Canary Capgras

Although psychodynamic explanations were sometimes applied 2 to cases of Capgras syndrome for animals,3 other clinicians report that the delusional misindentification of pets can be ameliorated by pharmacological treatment of the underlying psychotic disorder. Rösler et al. (2001) presented the case of “a socially isolated woman who felt her canary was replaced by a duplicate”:
Mrs. G., a 67-year-old woman, was admitted for the first time to a psychiatric hospital for late paraphrenia. ... She had been a widow for 11 years, had no children, and lived on her own with very few social contacts. Furthermore, she suffered from concerns that her canary was alone at home. She was delighted with the suggestion that the bird be transferred to the ward. However, during the first two days she repeatedly asserted that the canary in the cage was not her canary and reported that the bird looked exactly like her canary, but was in fact a duplicate. There were otherwise no misidentifications of persons or objects.

Earlier, Somerfield (1999) had reported a case of parrot Capgras, also in an elderly woman with a late-onset delusional disorder:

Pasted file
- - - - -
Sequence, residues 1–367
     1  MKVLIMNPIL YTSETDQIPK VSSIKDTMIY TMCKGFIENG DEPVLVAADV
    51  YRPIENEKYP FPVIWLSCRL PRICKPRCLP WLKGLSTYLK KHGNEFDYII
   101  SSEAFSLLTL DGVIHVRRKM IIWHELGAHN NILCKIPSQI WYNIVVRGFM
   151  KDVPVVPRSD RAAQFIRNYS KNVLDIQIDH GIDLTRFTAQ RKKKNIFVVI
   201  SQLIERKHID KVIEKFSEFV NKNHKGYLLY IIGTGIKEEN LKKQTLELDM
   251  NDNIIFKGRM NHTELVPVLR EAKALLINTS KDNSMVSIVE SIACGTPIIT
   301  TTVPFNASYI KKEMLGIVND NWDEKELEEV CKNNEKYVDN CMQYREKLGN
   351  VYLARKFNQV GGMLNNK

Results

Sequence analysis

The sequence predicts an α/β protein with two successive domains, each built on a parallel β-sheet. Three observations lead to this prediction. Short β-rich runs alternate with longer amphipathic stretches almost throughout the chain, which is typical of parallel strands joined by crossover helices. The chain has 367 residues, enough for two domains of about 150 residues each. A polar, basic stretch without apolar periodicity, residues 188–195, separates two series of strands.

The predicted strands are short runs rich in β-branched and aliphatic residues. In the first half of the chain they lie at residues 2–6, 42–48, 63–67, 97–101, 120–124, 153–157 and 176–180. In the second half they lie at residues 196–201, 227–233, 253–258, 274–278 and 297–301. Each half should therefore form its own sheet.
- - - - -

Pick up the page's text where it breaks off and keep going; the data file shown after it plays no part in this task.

I would like to report an unusual case of a 91-year-old woman with a 10-year history of late paraphrenia (LP) and episodes of Capgras syndrome involving her parrot. She was a widow of 22 years, nulliparous, with profound deafness and a fiercely independent character.  The psychotic symptoms were usually well controlled by haloperidol 0.5 mg orally. However, she was periodically non-compliant with medication, resulting in deterioration of her mental state, refusal of food and her barricading herself in her room to stop her parrot being stolen. At times she accused others of “swapping” the parrot and said the bird was an identical imposter. There was no misidentifcation of people or objects. Her symptoms would attenuate rapidly with reinstatement of haloperidol.